Holding the far-left to this sort of higher standard, however, not only assumes a ‘moralistic’ conception of left-wing politics, but also ignores that the far-left has little other option but to doxx. For one, the far-right seems more prepared to resort to violence in order to solve its problems, meaning that alternate ways of trying to engage them (through, say, reason) or deter their use of doxxing cannot work. While this might come as a surprise to some, especially given the way the mainstream media constantly play up the “violent Lefty” stereotype, a number of the more high-profile names mentioned in these blogs have committed serious and proven acts of violence. Though there certainly are real cases of Lefty violence, that there was more reporting of the “violent” hucking of humus at Catholic Society members last November than there has been of the myriad of murders and assaults committed by the far-right tells the story. It’s not just a difference in degree or even frequency, though, but a difference in kind—while plenty of their violence is politically motivated, it is common for violence committed by far-right figures to be entirely separate from their political agenda. Whereas the far-left supports violence insofar as it is necessary for producing social change, many in the far-right accept the legitimacy of violence because physical domination of the other is sanctioned by their view that society is divided between the uber and unter.

There are, however, political advantages to doxxing, beyond the mere infliction of violence.  Doxxing often targets anonymous wielders of influence who operate in the dimmest, most cavernous echo chambers. By exposing their identities and locating their political pronouncements in the context of their personal interest and questionable moral practice, activists can undermine their credibility. Moreover, doxxing even has the potential to generate political discussion. Many online figures are not contactable by virtue of their anonymity, even if reasonable discussion might be possible. In those instances, a doxx may be a necessary first step towards dialogue. And, of course, one might view that the content of the far-right’s views are so deplorable as to justify any kind of response. In that case, the chilling effect doxxing can have and the more direct removal of dissent might both be seen as benefits.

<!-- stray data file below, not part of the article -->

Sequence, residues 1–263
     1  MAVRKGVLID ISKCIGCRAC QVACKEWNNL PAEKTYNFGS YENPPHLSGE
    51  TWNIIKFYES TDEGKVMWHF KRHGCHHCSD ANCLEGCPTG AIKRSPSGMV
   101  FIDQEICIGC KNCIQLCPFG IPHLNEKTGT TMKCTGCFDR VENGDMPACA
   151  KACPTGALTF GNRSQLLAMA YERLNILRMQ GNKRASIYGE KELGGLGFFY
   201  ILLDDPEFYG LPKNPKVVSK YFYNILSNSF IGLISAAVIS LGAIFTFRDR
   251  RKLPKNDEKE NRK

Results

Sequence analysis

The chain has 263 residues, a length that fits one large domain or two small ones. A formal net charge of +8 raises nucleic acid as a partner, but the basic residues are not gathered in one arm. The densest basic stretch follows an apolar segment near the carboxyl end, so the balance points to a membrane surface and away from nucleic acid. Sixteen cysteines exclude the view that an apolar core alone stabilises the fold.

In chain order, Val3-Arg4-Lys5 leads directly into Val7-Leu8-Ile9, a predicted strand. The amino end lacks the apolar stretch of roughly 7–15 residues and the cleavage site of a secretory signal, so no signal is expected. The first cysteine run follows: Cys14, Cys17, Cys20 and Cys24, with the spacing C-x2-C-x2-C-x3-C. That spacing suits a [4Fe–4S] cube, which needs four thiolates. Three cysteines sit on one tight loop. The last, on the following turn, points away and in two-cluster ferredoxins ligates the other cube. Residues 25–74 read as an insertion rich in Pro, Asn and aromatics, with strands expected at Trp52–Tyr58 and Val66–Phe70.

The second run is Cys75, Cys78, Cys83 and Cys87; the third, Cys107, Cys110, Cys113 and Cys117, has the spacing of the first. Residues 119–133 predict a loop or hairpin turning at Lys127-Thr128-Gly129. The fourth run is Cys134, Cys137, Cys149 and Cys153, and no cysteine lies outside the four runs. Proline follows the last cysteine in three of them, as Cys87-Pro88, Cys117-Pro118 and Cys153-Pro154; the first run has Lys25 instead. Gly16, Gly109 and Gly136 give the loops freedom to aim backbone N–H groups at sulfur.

Whatever the case, doxxing is nonetheless genuinely terrifying. There is nothing stopping innocent people from being targeted nor any regulation to ensure that the response is proportionate. The harms of the process cannot be understated, not least because each act of doxxing will beget many more. But guarded support for the strategy in general does not equate to support for every instance, and so insofar as they have any interest (which is probably not at all) the doxxer should, naturally, be very careful and selective about how they go about it. Whatever the case, I’m sure I’ll be even more reserved in my support once my own identity is exposed.